I am always impressed by simple systems. Here is one example I often experience ordering food; it could be Chinese, pizza, or the deli. The entire phone call in under 20 seconds.
Dial the phone number… phone rings…
Hi Brian. Thank you for calling blank. Would you like the same thing you ordered last time?
Okay, great. See you at 4:40
Me: thank you
Using something such as a paint brush is not sufficient to understanding it in the same way reading a book is not sufficient to understanding it. The Bible is an exceptional example because it can be read and interpreted differently, however, that does not mean we understand it. We think we understand until we take a closer look and different parsing of the text “in context” of Scripture.
The brush, although a necessary part of painting, may not be sufficient for reaching our full potential in the same way reading a book on Goals is no guarantee we’ll ever achieve goals. We need to understand why we fail at accomplishing things to avoid failure.
Understanding anything takes a disciplined, data-driven methodology to distinguish the difference between thinking we understand and knowing we understand. I am all for wanting to do things the easy way or take the shortest route, but I know, that only gets me so far. Let’s face it, we need to step outside our comfort zone to make things happen. We need to think and look at things differently.
Necessary But Not Sufficient
Eliyahu M. Goldratt , Carol A. Ptak
There was a time when I stopped working. It was the first time in my life since I was a little boy. I’ve always worked, it’s what the family did. I’ll never forget the feeling. It was similar to jumping off a fast moving train and landing on your feet only to catch your balance. That rush of the train passing by as you catch your breath. That moment would set a wave of things in motion that would later have a real impact on my life and prove difficult to recover.
We all get burnt-out from time to time, but we need to keep moving. In hindsight, jumping on a slower moving train would have been better rather than getting off entirely. Never allow yourself to become too comfortable. Always keep moving.
Why do we fail at reaching our goals? What are we lacking? Systems-driven people hold the key to answering both questions. They create efficient and effective ways of looking at things. They are big picture driven and simplify ideas to the core. They put things in place to make sure things happen.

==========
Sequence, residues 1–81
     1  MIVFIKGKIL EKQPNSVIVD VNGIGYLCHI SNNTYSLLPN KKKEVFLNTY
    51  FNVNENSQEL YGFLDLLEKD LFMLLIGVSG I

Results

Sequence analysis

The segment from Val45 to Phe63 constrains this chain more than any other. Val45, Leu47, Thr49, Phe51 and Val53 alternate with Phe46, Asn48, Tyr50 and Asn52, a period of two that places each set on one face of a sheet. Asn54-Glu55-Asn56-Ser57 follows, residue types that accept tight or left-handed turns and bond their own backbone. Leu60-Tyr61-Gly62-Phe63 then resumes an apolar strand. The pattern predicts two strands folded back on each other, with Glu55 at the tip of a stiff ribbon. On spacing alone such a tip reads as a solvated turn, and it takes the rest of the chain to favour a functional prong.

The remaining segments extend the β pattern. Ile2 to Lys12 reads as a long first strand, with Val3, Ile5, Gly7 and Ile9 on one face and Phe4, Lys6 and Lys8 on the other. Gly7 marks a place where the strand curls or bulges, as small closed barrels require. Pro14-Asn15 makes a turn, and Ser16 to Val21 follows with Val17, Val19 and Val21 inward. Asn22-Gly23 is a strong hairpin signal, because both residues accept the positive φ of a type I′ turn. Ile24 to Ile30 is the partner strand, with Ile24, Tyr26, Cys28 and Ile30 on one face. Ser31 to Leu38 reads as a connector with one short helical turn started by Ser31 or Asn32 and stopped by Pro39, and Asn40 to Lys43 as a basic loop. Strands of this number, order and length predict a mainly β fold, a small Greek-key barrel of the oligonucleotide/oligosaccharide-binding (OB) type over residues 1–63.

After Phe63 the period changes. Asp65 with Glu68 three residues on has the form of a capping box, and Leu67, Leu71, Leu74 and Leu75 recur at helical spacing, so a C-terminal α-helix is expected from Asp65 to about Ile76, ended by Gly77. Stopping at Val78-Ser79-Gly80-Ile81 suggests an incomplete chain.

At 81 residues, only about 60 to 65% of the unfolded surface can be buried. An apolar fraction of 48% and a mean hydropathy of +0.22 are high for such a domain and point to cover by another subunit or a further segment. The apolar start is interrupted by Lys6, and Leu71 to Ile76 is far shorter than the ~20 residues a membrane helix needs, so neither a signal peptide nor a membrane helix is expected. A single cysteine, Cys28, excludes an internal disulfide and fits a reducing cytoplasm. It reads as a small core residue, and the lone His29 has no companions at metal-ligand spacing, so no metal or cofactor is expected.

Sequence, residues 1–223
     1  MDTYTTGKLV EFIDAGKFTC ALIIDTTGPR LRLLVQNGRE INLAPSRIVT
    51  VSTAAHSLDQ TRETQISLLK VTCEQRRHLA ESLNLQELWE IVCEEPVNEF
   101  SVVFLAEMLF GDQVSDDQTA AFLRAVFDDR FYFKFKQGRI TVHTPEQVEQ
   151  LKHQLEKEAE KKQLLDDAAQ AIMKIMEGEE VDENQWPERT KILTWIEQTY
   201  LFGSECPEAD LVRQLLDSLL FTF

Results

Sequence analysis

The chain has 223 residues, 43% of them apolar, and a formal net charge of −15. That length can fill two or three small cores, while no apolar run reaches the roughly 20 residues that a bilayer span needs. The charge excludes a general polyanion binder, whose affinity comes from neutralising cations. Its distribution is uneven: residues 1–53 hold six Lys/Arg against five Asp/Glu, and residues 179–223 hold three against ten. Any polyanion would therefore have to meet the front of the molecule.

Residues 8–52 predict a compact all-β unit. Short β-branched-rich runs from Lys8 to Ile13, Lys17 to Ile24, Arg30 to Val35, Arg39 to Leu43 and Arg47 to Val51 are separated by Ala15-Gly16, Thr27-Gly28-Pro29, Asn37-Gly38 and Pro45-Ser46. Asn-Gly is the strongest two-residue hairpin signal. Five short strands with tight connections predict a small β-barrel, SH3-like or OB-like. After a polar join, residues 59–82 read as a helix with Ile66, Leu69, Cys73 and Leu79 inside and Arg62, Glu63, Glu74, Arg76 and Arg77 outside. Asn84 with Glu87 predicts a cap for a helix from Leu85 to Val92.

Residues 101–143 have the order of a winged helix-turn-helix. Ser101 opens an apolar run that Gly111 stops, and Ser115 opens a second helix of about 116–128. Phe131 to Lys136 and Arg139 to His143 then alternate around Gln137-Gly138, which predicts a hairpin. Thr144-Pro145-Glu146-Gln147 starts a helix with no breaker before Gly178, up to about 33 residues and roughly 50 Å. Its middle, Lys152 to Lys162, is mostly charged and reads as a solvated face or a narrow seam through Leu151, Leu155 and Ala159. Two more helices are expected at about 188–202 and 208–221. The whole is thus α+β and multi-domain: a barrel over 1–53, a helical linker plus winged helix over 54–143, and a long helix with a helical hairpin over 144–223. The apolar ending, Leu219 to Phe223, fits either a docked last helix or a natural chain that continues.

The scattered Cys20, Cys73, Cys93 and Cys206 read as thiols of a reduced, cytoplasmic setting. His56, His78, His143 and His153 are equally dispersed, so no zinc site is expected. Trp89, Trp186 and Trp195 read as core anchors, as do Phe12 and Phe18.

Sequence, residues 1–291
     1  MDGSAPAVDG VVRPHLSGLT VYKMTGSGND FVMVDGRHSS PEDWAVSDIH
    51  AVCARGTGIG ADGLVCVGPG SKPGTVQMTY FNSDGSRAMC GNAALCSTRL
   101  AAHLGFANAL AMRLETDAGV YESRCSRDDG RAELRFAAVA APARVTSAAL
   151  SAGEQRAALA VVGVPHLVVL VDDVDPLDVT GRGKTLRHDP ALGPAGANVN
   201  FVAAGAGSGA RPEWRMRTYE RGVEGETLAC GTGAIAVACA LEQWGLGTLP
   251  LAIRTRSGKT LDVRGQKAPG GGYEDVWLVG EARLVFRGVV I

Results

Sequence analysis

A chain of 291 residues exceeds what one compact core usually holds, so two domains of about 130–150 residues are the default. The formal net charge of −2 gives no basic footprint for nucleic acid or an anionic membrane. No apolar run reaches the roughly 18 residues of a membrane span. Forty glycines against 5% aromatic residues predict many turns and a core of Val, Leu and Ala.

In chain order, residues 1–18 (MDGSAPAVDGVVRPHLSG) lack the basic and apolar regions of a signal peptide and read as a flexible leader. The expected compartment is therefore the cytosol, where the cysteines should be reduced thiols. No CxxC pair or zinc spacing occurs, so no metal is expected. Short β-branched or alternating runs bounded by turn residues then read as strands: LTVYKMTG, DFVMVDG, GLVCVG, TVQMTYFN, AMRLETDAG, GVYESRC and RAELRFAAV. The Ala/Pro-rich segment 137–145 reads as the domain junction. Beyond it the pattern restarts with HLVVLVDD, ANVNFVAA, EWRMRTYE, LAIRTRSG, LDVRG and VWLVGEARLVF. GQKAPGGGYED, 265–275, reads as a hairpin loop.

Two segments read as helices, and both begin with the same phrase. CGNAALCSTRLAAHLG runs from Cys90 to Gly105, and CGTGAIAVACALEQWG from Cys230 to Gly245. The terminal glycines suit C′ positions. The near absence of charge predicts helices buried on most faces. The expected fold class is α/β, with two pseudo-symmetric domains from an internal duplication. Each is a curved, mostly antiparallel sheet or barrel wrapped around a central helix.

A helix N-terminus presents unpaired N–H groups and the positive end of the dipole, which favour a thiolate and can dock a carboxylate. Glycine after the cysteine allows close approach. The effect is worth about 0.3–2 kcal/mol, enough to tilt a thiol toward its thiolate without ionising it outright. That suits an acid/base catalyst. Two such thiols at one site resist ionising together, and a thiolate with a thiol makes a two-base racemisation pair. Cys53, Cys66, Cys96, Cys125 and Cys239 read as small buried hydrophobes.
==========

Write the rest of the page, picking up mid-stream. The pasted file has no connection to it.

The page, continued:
By definition, a system is a set of principles or procedures according to which something is done, a set of rules to achieve a desired result. The things we do every day are systems. The things we plan to do are goals.
Systems-driven people are effective because they focus their energy in the right direction. They have a clear path to their destination. They see the end as clear as the beginning. They accomplish what they set out to do every time they apply their system. They are effective at reaching expected results efficiently.
Efficiency is doing things right; effectiveness is doing the right things.
— Peter Drucker
People generally know what goals they want to achieve, although, they are ineffective in achieving those goals. We can set goals all we want, but if we fail to put things in place to reach our goals, we will fail every time. While this post was in the oven baking, I gave the following example of a system on Facebook.
If every day when you woke up in the morning you tripped a wire as you walk down the hallway that starts the coffee pot as you walk to the bathroom, what just happened? It’s a series of events put in place to make something happen.
Simply going through the motions ensures the result.
Systems are similar to building toy models. We learn how the pieces come together and what we need to make it happen. When we’re finished, we experience the end-result. The highest benchmark for any company to achieve is implementing the right products, the right systems, in the right place, at the right time.